Former European Commission President speaks to Euronews Political Editor Darren McCaffrey about what the election of Joe Biden means for US-EU relations as well as Brexit, plus the EU's response to the COVID-19 pandemic.
In this episode of Global Conversation, I was delighted to speak to José Manuel Barroso.
For a decade from 2004, Mr Barroso was President of the European Commission. In this role, he worked with the then-Vice President, now President-Elect, Joe Biden and also helped oversee one of Europe's economic recoveries following the financial crisis beginning in 2008. Another recovery is much-needed now in the wake of the coronavirus pandemic, a subject we discussed. We discussed all of these issues plus his new role, to be assumed in January 2021.
Joe Biden's election as US President
I began by asking Mr Barroso about his reaction when he heard that Joe Biden had beaten Republican incumbent Donald Trump:
"Yes, I was delighted that he won the election. I believe we can work with Joe Biden very well in terms of convergence between Europe and the United States of America.
"And so I think (like) most European people, we were welcoming the news of Joe Biden's election. I think with some exceptions - probably some populist leaders - at least the current leaders of the European Union were delighted to learn about Joe Biden in the election."
I asked Mr Barroso for his sense of the incoming president's beliefs after working with him extensively as President of the Commission when Biden was Barack Obama's deputy; he responded that Mr Biden was a safe pair of hands:
"It's someone also who believes in the importance of American-European cooperation, not only with the European Union but NATO. So I think we now have the basis to make some progress in this relationship. I think it's not going to be exactly like before, because the world has changed. But it's good to know that we have someone we know and someone we like leading the United States of America."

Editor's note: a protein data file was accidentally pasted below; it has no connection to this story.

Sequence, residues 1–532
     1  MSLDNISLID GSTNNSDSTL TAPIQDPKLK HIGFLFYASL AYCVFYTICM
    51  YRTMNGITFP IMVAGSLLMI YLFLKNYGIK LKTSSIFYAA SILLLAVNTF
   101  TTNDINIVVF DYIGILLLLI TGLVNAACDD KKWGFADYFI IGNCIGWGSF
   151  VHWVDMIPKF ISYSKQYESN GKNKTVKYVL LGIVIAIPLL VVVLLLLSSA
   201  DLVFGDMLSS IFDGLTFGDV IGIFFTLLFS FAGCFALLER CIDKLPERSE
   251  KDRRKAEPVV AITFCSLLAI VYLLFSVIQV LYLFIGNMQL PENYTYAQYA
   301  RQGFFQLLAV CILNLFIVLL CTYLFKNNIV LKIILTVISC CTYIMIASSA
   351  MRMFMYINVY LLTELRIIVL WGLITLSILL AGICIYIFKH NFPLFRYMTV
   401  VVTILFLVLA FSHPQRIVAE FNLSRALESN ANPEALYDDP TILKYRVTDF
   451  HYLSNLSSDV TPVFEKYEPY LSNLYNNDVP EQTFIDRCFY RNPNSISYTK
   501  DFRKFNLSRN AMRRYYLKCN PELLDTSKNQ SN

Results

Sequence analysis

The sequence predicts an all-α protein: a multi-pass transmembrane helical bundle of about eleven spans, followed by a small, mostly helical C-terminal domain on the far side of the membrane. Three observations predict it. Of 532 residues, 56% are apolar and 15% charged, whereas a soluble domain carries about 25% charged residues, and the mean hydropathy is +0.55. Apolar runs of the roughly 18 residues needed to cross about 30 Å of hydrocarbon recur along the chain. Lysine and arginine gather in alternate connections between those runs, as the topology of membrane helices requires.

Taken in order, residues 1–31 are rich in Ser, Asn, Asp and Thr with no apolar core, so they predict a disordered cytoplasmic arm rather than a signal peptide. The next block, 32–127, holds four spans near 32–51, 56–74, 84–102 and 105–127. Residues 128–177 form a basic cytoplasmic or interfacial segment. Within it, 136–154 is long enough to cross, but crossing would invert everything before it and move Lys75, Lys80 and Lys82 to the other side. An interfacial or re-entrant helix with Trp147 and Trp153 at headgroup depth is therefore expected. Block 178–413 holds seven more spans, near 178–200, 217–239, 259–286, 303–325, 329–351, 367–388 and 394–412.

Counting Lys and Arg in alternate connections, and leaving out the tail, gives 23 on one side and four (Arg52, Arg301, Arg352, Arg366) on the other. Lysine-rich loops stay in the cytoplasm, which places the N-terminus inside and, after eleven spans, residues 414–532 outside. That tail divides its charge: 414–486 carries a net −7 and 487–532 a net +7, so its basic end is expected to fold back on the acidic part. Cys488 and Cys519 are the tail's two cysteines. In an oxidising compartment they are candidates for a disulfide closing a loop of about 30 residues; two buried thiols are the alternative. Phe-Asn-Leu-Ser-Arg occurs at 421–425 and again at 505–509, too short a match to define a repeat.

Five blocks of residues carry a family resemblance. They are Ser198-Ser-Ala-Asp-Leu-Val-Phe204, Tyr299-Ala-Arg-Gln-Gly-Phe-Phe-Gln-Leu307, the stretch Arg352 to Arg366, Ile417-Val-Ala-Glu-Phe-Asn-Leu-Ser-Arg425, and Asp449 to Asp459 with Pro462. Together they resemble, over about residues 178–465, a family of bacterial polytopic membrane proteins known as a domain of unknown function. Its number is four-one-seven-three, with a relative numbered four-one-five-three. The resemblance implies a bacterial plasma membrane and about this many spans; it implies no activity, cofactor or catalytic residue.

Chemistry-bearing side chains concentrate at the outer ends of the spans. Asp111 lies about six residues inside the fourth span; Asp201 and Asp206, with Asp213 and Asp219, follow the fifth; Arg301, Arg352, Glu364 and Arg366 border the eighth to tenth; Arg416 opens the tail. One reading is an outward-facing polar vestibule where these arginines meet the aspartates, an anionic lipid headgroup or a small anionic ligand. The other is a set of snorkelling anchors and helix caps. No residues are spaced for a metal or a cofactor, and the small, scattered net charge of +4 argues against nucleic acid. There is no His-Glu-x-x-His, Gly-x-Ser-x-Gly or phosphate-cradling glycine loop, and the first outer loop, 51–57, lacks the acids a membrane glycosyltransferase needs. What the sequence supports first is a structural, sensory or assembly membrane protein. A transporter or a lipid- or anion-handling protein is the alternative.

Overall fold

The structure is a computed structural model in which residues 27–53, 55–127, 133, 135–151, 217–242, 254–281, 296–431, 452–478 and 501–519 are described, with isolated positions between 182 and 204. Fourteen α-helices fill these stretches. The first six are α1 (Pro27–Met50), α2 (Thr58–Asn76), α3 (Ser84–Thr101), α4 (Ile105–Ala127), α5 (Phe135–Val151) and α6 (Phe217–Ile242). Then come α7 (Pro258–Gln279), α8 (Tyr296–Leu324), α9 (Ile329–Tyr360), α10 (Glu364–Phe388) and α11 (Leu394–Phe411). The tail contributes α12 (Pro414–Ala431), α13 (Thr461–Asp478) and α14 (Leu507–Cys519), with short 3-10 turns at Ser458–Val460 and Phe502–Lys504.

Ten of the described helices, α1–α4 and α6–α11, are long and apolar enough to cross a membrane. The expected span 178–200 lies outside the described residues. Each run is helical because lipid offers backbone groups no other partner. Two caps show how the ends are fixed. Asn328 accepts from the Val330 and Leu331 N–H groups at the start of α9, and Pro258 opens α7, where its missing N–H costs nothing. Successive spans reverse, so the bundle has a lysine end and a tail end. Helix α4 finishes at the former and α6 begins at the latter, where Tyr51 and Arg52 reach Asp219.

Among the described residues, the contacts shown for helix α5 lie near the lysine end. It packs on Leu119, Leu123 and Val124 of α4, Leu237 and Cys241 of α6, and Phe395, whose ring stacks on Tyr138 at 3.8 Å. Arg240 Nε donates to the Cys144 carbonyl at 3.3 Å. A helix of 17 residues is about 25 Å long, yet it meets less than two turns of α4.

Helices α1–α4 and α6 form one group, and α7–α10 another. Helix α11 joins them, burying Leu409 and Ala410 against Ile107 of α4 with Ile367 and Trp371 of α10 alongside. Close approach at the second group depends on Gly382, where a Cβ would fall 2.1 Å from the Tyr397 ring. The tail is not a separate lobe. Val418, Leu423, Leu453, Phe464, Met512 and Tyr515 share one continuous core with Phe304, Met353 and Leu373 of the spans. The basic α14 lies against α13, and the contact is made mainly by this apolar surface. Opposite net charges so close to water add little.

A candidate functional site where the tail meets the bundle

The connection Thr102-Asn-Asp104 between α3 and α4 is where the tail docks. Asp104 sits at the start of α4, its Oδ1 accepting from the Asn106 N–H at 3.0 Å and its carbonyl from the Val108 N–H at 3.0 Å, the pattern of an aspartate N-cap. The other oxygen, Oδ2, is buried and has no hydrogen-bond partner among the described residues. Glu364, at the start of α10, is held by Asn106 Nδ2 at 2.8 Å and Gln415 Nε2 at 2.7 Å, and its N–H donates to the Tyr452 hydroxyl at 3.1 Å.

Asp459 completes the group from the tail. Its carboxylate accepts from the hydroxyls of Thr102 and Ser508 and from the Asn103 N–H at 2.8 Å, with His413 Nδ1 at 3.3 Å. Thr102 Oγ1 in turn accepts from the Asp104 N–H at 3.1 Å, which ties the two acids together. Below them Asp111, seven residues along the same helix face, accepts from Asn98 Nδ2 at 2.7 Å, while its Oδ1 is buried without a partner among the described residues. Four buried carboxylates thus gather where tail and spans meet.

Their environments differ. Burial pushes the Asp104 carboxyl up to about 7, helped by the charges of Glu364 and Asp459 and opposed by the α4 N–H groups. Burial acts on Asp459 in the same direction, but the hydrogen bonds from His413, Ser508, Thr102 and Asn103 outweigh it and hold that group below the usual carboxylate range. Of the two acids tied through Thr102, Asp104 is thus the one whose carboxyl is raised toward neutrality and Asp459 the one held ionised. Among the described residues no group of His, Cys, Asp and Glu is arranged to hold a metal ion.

I thought the point that he made about the world having changed was an interesting one; as I spoke to him, more tariffs on US goods had been introduced and the European Commission is continuing to look into antitrust competition laws. I asked him if it was a reminder that, although Europe and America are allies in a broader sense, they are also competitors. He agreed, but said competition was fair enough and was a separate issue:
"(Within) Europe also, let's be honest, there is competition between the different governments and different countries. Competition is OK.
"The point is about being allies in important issues like defence and also to be partners in many matters and to have overall, a convergence of views. And in fact, basically, Europeans and the Americans share the same values. And I think this is incredibly important in this very unpredictable world of today.
"So what we need is, of course, a framework for this cooperation in spite of what most people think. The reality is that the European Union-United States relationship is still the number one in the world in economic terms if you look at the volume of trade and also the investment on both sides. So it's a very important relationship and we should do more to develop it."
Brexit and Biden
This brought the conversation to Brexit; Manfred Weber said this week that he thinks Joe Biden's US election victory strengthens the EU's hand when it comes to negotiations with the UK on this future trade deal. I asked Mr Barroso if he agreed: